6. Expand "earned time" from 20 percent to 30 percent of sentence length.  Prisoners can earn earlier release with good behavior and by taking part in prison education and rehabilitation programs. Prisoners would have to meet rigorous requirements to earn earlier release. It would not apply to Measure 11 prisoners.  Only applies to future convictions not to anyone already sentenced.

7. Expands the Alternatives to Incarceration program. Prisoners enter a six-month regimen that includes 14-16 hours a day of programming. Then they do 3 months of programming in a non-prison setting. Prisoners can earn 20 percent off their sentence if they complete both phases successfully. The reform does not apply to Measure 11 or any sex crimes prisoners. Only applies to future convictions not to anyone already sentenced.

8. The "second look" recommendation, would allow all youth offenders sentenced as adults to go before a judge after they have served 50 percent and 75 percent of their sentences.  The judge then decides if the young offender has been "rehabilitated and reformed"  based on their record in custody. Currently "second look" does not apply to youth sentenced under Measure 11.  Reform would only apply to future convictions not to anyone already sentenced.

9. The average length of time offenders spend under community supervision has increased since 2000: 38 percent for probationers and 15 percent for post-prison supervision. This reform would allow offenders to earn an earlier discharge from supervision. Offenders could earn earlier discharge through: following the rules, taking part in programs to prevent reoffending and paying restitution. 

10. Gives community corrections officers leeway to decide severity of sanctions for non-criminal rule violations. Allows for a graduated and evidence –based response to violations. A corrections officer could require more frequent telephone contacts, substance abuse treatment, drug testing, or a curfew, while using shorter jail time.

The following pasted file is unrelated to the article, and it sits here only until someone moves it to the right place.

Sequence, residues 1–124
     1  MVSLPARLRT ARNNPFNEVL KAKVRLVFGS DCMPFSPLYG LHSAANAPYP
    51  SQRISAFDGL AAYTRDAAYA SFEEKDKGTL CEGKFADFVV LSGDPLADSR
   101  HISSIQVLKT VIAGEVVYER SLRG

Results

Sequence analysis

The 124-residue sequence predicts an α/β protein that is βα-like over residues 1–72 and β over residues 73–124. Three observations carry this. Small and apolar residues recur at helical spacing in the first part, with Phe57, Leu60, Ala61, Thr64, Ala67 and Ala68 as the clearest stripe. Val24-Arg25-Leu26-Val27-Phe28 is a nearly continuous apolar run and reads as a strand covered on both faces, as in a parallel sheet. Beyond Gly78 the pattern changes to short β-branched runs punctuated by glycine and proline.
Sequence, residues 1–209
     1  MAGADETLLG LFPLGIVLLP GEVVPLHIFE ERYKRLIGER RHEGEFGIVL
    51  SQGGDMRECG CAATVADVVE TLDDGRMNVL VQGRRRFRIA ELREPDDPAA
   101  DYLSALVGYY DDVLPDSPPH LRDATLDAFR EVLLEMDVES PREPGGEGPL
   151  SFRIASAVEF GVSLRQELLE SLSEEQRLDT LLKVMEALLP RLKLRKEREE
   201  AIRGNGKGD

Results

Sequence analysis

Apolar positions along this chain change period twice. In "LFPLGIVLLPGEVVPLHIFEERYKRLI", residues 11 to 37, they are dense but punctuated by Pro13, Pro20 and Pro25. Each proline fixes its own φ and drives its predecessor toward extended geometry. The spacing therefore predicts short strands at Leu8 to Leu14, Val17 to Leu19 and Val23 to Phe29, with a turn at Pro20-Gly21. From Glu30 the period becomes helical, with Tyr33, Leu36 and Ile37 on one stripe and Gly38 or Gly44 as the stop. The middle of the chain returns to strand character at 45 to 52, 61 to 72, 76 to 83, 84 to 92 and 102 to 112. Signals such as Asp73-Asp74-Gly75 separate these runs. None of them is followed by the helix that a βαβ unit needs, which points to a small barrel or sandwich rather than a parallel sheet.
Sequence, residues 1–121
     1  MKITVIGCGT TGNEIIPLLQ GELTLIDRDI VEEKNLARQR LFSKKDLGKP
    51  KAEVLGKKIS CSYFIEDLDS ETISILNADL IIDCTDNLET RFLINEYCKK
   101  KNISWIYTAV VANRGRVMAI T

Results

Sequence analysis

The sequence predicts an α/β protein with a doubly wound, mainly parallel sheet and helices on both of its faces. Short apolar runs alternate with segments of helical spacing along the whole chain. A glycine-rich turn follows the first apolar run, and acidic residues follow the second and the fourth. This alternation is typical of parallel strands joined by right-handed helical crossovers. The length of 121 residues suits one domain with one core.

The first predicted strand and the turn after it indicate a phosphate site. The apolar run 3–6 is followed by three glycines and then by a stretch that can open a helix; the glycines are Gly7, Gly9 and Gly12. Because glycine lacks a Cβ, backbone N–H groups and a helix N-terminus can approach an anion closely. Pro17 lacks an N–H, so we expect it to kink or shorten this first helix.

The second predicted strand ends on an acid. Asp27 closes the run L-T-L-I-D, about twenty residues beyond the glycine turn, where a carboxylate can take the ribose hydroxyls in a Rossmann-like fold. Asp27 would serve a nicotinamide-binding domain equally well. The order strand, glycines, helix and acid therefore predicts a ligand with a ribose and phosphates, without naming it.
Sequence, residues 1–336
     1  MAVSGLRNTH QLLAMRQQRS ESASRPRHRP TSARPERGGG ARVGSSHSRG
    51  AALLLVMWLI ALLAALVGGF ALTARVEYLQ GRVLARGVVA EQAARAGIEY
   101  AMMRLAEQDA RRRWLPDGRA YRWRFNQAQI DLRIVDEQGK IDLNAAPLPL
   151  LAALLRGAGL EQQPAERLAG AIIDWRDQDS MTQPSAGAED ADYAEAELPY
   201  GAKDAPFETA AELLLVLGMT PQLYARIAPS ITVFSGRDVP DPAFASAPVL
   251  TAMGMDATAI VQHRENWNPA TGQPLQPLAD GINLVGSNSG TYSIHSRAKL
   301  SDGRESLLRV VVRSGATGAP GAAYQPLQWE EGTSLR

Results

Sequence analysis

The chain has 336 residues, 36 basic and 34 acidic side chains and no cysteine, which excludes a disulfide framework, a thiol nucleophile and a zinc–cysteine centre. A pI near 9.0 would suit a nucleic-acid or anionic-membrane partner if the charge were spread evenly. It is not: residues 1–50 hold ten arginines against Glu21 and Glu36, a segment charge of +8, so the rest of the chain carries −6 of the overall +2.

via chartsbin.com
11. Requires conditions of probation to be set by community corrections staff instead of at sentencing. Community corrections staff must use a risk and needs assessment when setting conditions of probation.

12. Creates an oversight body to monitor the outcomes of the proposed reforms and report back to the Legislature and the Governor for the next four years.

13. Currently Oregon defines recidivism as afelony conviction within three years of release from prison. This reform would expand the definition of recidivism to include all re-arrests, re-convictions and returns to prison.

14. Creates statewide standards for Oregon's specialty drug, veterans and mental health courts. Standards would be based on 37 recommendations from a study of how well Oregon's specialty courts are working.

15. Requires that the prison forecast reports from Oregon's Office of Economic Analysis include a breakdown of prison growth to help identify the impact of policies and crime trends.

16. Requires standards for evaluation correction programs evaluation across the state. Requires standards for saying programs are "cost-effective" or "evidence-based."

17. Proposed changes to sentencing or corrections must contain a 10-year impact forecast.

18. Gives performance-based grants to counties that reduce recidivism and cut the number of offenders they send to prison.

19. Current cost for a prison inmate is $82.48 per day, up 65 percent since 1995. The reform recommends that the Legislature set a 10-year target to reduce the cost per day, while preserving prison security and rehabilitation programs.